Why Am I Wearing An Astronaut Suit

3 minute read

The first thing I notice is the total silence that enshrouds me. The next thing I’m aware of is that I seem to have lost the sense of touch. I’m laying flat on my back and I know my arms are laying out beside me. Yet I don’t feel the earth. I feel encased in a marshmallow. My eyes aren’t doing their job either as they won’t open in a proper manner. I’m reminded of the time my older brother rubbed my face with Elmer’s glue after he discovered I’d used his pet hamster for show and tell at school and had accidentally dropped it in the Burmese python cage. Harvey didn’t stand a chance and I couldn’t see for several weeks. With a mighty effort, I force my eyes open. I must have been in a motorcycle accident because I’m wearing a helmet of some sort, full face with a fantastic polarized lens mitigating the fact that the sun is at high noon directly above my head, blazing directly in my eyes. Strangely, I don’t remember having a motorcycle or being in an accident but scientists tell you short term amnesia is often the result of traumatic stress. I don’t remember the first year after I caught my first wife in bed with Tom Jones. I suppose there something to it.

Forgetting Tom Jones again, I decide it’s time to figure out exactly what’s going on. My first attempt to sit up results in a weak grunt and a collapse backwards. My head hits something firm and solid with a whack. Thank god for the motorcycle helmet, I think, still not sure of when I got a motorcycle. Sitting up seems to be impossible as there is a thickness to my midsection that is new to me. Encased in a marshmallow indeed. Remembering the lack of touch, I lift my right hand slowly and with difficulty to a position where I can see it through the fortuitous helmet lens. Why do I have ski gloves on? Perhaps I didn’t get a motorcycle. Perhaps this is a terrible snowmobiling accident. I have read stories of daredevils who go on snowmobiling tours ignoring the guide’s advice to stay 20-30 yards behind the vehicle in front of them and end up driving off a cliff when the entire group stops too quickly. Perhaps I am that daredevil.

I am uncomfortably warm, having lain at the bottom of a cliff for hours while my friends and family frantically try to find a way to help me. No, they probably think I am dead after a fall from such heights as I must have fallen. I am lucky to be alive but will die here of starvation and exposure if the wolves and the grizzlies don’t eat me first. Luckily, the helmet will prevent the crows from eating my eyeballs and my mother can have the open casket funeral. She’s always been so worried that if I die in a disfiguring car accident that she won’t be able to have an open casket funeral. I have saved her that ignominy. The women at the First Christian Church of Episcopalian Latter Day Saints won’t be able to gossip and for that I’m thankful.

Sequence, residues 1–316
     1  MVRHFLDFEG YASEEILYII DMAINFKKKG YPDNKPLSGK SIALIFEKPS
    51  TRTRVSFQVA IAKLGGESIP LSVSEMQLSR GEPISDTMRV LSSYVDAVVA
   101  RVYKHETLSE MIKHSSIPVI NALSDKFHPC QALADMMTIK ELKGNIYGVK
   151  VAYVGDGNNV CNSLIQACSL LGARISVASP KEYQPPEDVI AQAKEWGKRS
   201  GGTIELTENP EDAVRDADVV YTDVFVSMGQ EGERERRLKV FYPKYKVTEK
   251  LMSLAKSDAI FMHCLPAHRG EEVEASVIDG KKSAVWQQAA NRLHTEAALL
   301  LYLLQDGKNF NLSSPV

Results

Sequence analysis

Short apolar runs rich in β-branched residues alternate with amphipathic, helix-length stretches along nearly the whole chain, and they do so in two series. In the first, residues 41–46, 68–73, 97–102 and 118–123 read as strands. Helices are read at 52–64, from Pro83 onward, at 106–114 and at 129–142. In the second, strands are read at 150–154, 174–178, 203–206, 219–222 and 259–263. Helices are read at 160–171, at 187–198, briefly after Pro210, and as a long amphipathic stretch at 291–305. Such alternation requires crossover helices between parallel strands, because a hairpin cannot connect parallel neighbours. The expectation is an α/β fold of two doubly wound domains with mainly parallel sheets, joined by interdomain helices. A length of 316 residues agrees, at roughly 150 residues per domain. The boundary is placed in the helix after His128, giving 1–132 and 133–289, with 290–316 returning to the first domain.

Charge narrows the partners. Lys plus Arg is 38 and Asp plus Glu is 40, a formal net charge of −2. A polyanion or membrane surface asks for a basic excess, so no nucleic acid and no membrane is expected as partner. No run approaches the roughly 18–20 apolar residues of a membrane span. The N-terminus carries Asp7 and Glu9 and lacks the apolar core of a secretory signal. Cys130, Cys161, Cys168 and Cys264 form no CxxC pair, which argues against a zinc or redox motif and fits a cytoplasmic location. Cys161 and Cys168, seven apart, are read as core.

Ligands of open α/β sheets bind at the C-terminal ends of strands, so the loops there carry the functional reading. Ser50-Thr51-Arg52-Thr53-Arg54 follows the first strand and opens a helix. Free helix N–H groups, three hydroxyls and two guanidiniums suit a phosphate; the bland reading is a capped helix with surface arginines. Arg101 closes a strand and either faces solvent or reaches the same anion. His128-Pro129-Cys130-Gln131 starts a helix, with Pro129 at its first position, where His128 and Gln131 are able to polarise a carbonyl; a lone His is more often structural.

Returning my attention to my arm, I notice that my gloves are actually part of the parka I’m wearing. They aren’t sown on so much as just part of the same cloth. I lift one leg to examine it and find that I’m wearing moon boots but not the ones I remember from high school. They look as though my feet have been wrapped in gray swaddling cloth with soles. Perhaps it’s time to roll over and figure out what’s going on. With some effort, I roll over and sit up. Now things are really confusing as I have clearly been in neither a motorcycle accident or a snowmobiling mishap. I am in a large open field blooming with daisies. Looking to my left, I see that I have been laying on a Critical Slide Society surfboard. I don’t think this is what Beyonce had in mind when she wrote that song. Looking down, I see why movement was so difficult. I’m in a space suit, not one designed by the Jetsons either. More like one that Yuri Garagin wore in his worst nightmares. I’m starting to wish I had died in the imaginary motorcycle accident. It’s time to figure out what the hell is going on.